By Naveen Athrappully
The global diesel market is facing a crunch from lower production, undermining efforts by world economies to recover and increasing the fragility of markets on both sides of the Atlantic, while adding to already-high inflationary pressures.
In the United States, diesel price increases have overtaken those of gasoline.
“While gas prices have seen a slight rise, the national average for diesel has surged some 30c/gal in the last week to $5.23/ga,” Patrick De Haan of GasBuddy noted in a tweet, while replying to a comment that “distillates remain very very challenged ahead of winter.”
The current average price for diesel in the country is $5.284 per gallon, an increase of almost 50 percent from 2021’s $3.538. Comparatively, gas prices have risen by more than 17 percent, a difference of 33 percentage points.
Diesel drives industry, from power generators and farm tractors to construction machines; trucks, trains, and ships are all powered by the distillate fuel. Diesel moves 90 percent of all freight in the country and worldwide. It’s dominant in machines used in critical industries such as mining and agriculture, and there’s a ripple effect across the economy when the price of diesel moves up.
The four main components that contribute to the real price of a gallon of diesel fuel are the cost of crude oil purchased by refineries, refinery margins, retail station margins, and taxes.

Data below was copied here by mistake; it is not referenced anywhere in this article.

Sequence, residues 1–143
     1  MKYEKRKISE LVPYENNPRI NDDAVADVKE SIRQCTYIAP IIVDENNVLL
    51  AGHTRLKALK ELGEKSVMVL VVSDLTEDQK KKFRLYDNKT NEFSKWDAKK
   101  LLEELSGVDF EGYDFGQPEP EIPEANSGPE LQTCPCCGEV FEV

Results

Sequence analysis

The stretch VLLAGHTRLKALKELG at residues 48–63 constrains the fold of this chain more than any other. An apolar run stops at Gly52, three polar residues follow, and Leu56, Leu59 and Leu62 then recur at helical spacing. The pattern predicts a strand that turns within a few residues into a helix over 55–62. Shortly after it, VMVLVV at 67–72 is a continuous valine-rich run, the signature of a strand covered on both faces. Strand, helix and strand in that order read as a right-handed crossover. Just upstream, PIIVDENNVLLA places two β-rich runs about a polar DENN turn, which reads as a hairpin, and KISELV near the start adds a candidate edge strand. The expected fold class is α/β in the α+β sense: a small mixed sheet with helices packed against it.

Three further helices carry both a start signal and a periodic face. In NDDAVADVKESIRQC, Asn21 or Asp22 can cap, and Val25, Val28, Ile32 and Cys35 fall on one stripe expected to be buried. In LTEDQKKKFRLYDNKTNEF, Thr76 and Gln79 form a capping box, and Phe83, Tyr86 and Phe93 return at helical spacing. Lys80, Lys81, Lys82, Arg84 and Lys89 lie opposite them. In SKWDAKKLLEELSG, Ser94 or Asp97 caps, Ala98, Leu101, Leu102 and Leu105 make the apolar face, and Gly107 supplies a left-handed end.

Diesel inventories have fallen in the United States with refineries closing down, while demand has picked up after the pandemic, resulting in higher prices at a time when heating costs are set to soar.
Shortages in Diesel Fuel
The U.S. inventories of distillate fuel oil have been reduced to 106 million barrels, as of Oct. 7, according to Reuters, the lowest seasonal level since the government began collecting weekly data in 1982.
With winter setting in, the country has just a 26-day supply of heating oil to draw on. This particularly affects the northeastern regions, where oil, rather than natural gas, is burned to keep homes warm.
Based on Bloomberg data, spot diesel prices in New York have spiked to a five-month high on the shortage data, while futures rallied to the highest level since June.
In Europe, distillate inventories were just 360 million barrels at the end of last month, the lowest since 2004, while Singapore’s mid-distillate inventories have gone down to 8 million barrels, the lowest in 15 years.
Refinery closures in the United States due to large-scale electric-vehicle adoption and the COVID-19 pandemic have resulted in insufficient capacity to meet domestic and international demand. In the 12 months that ended in July, the country produced an average of 4.9 million barrels per day of distillate fuel oil, a 5.77 percent decrease from the prior period’s 5.2 million barrels.
Europe is teetering on the edge of energy insecurity, and diesel prices are set to go up even more. Meanwhile, the Biden administration is reportedly pressing oil companies to curb exports to limit the depletion of national inventories.